9. File-System Implementation • We have system calls at the API level, but how do we implement their functions? • On-disk and in-memory structures • Boot control blockcontains info needed by system to boot OS from that volume • Needed if volume contains OS, usually first block of volume • Volume control block (superblock, master file table)contains volume details • Total # of blocks, # of free blocks, block size, free block pointers or array • Directory structure organizes the files • Names and inode numbers, master file table

  10. File-System Implementation (Cont.) • Per-file File Control Block (FCB) contains many details about the file • inode number, permissions, size, dates • NFTS stores into in master file table using relational DB structures

  11. In-Memory File System Structures • Mount table storing file system mounts, mount points, file system types • The following figure illustrates the necessary file system structures provided by the operating systems • Figure 12-3(a) refers to opening a file • Figure 12-3(b) refers to reading a file • Plus buffers hold data blocks from secondary storage • Open returns a file handle for subsequent use • Data from read eventually copied to specified user process memory address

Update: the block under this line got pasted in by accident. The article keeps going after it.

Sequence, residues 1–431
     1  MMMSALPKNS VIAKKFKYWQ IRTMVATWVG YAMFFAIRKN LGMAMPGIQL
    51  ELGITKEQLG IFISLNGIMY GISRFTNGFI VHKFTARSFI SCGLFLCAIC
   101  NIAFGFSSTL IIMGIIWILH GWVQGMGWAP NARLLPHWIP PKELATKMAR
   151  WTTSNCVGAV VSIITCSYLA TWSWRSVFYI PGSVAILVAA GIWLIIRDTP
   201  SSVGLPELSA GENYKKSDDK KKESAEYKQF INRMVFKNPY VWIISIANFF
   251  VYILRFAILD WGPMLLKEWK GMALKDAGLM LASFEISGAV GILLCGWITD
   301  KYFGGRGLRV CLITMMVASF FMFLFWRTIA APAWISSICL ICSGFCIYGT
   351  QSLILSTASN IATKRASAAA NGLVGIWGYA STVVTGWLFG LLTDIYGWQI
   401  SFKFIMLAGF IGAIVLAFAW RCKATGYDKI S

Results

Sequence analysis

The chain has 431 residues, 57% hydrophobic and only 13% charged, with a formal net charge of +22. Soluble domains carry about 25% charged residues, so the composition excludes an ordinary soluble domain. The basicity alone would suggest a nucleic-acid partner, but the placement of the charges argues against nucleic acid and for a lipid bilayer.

12. In-Memory File System Structures

  13. Partitions and Mounting • Partition can be a volume containing a file system (“cooked”) or raw – just a sequence of blocks with no file system • Boot block can point to boot volume or boot loader set of blocks that contain enough code to know how to load the kernel from the file system • Or a boot management program for multi-os booting • Root partition contains the OS, other partitions can hold other Oses, other file systems, or be raw • Mounted at boot time • Other partitions can mount automatically or manually • At mount time, file system consistency checked • Is all metadata correct? • If not, fix it, try again • If yes, add to mount table, allow access